New proposed legislation by the chairman of the Senate Finance Committee would expand the pass-through deduction under Internal Revenue Code Section 199A and might be of some help to plan advisors, but it also would curtail the deduction for so-called upper-income clients.
The Small Business Tax Fairness Act introduced by Sen. Ron Wyden (D-OR), who is chairman of the powerful tax-writing Finance Committee, would expand eligibility for what the Senator describes as “middle-income services business owners” by removing restrictions on which industries qualify and which do not.
Wyden notes that the current limitations cause “tremendous confusion” for taxpayers trying to figure out if they are a “specified service trade or business,” and that his bill would eliminate this red tape.
The bill would also simplify the calculations that pass-through businesses use to determine their deduction. Here, Wyden notes that the deduction’s multiple caps and thresholds make calculating the deduction and determining eligibility unnecessarily complicated.
As such, the bill would establish one, sometimes significantly higher, income threshold for determining whether a taxpayer gets the deduction (the phase out would start at $400,000 for all individuals) and one simple definition of qualified business income that applies to all taxpayers. Small business owners would no longer have to calculate their deduction using formulas and limitations based on W-2 wages and qualified investments, according to a summary of the legislation.
Give and Take
That said, as a way to cover the cost of expanding the deduction and to help finance other priorities, the proposal would eliminate the ability of certain taxpayers to take the deduction (such as trusts and estates and married taxpayers filing separately) and phase out the deduction for more taxpayers.
To that end, the Chairman notes that, while most small businesses are organized as pass-through businesses, many pass-through businesses are not small, noting that pass-through businesses account for 58% of all businesses with more than $50 million in receipts.
“This bill is a win-win. It’s going to make the policy more fair and less complex for middle-class business owners, while also raising billions for priorities like child care, education and health care,” Sen. Wyden said in a statement.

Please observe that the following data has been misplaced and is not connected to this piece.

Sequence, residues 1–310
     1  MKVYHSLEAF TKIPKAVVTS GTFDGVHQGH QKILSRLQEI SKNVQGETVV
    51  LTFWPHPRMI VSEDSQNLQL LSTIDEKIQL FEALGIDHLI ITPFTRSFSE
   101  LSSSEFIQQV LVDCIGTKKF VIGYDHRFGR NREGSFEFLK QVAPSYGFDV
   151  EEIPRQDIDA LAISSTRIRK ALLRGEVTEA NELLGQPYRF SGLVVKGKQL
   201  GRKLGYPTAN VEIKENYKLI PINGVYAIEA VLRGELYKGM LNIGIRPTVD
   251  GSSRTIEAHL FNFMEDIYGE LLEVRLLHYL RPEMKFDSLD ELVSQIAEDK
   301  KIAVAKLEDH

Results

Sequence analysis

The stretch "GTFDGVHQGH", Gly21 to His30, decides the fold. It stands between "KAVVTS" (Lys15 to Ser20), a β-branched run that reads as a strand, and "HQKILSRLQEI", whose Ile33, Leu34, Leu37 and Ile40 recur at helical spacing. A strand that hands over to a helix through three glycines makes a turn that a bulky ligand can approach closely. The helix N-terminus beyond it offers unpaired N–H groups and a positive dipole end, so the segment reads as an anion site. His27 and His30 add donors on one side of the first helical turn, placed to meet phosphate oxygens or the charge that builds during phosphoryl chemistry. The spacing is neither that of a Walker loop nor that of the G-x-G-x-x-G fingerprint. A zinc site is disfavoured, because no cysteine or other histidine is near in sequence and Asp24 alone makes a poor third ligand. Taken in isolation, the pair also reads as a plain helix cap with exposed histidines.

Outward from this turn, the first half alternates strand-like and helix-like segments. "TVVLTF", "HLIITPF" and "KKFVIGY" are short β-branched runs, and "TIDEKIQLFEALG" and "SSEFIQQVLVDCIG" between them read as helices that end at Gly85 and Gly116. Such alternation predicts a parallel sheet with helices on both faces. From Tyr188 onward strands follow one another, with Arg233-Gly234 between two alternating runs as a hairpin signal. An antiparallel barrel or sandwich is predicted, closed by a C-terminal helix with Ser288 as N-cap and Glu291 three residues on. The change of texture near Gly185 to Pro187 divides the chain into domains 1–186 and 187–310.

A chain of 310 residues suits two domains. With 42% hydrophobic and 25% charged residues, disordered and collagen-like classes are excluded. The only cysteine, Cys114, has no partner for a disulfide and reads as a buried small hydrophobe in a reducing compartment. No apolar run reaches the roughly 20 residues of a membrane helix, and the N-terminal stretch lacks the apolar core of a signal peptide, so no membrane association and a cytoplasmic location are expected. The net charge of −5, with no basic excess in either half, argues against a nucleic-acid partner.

With House and Senate Democrats, preparing to act on a trillion-dollar infrastructure package later this fall, look for this proposal, or something similar, to emerge from the Senate Finance Committee as part of the Senate bill.
Enacted as part of the 2017 Tax Cuts and Jobs Act (TCJA), Internal Revenue Code Section 199A provides a deduction of up to 20% of income from a domestic business operated as a sole proprietorship or through a partnership, S Corporation, trust or estate engaged in domestic trades or businesses. The deduction is currently set to expire in 2026 unless it is extended by Congress.
The deduction is generally equal to the lesser of 20% of an eligible taxpayer’s qualified business income plus 20% of their qualified real estate investment trust dividends and qualified publicly traded partnership income or 20% of taxable income minus net capital gains.
The deduction is generally available to eligible taxpayers whose 2021 taxable income falls below $329,800 for joint returns (with a phase-in range up to $429,800), $164,925 for married filing separately (with a phase-in range up to $214,925) and $164,900 for single and head of household taxpayers (with a phase-in range up to $214,900). These limits are currently indexed for inflation.
For taxpayers making more than the income threshold, the deduction may be limited by the amount of W-2 wages and qualified property of the business or entirely eliminated if the taxpayer is engaged in a specified service trade or business (SSTB).
Among other things, an SSTB includes, for example, a trade or business involving the performance of services in the fields of accounting, actuarial science, consulting, financial services, investing and investment management, or trading or dealing in certain assets.
The SSTB exception does not apply for taxpayers with taxable income at or below the threshold amount and is phased in for taxpayers with taxable income within the phase-in range. For taxpayers with taxable income above the phase-in range, no deduction is permitted with respect to any SSTB.
Additionally, income from a trade or business conducted by a C corporation or a trade or business of performing services as an employee will not qualify for the deduction.